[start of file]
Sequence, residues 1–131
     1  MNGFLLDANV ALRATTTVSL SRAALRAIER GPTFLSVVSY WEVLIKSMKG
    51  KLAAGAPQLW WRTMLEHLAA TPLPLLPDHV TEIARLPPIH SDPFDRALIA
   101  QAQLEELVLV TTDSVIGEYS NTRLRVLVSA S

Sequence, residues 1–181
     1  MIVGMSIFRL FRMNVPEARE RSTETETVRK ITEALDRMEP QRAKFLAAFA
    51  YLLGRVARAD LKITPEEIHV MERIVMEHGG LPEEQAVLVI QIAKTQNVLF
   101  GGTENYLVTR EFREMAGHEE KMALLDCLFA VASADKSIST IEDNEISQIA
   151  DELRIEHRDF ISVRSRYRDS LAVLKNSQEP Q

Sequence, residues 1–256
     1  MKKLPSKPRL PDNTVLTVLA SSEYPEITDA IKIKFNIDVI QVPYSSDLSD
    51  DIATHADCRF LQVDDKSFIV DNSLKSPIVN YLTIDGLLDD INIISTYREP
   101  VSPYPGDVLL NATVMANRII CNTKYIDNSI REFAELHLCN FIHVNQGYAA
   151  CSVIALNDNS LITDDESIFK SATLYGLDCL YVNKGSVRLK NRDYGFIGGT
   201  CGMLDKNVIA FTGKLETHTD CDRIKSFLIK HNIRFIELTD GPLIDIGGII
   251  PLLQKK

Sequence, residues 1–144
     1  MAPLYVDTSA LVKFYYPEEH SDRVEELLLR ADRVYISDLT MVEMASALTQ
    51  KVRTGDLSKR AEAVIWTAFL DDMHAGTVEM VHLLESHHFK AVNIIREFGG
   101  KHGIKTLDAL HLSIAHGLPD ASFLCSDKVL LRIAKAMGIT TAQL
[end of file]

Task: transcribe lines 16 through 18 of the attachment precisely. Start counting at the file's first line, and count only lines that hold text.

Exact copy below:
   251  PLLQKK

Sequence, residues 1–144
     1  MAPLYVDTSA LVKFYYPEEH SDRVEELLLR ADRVYISDLT MVEMASALTQ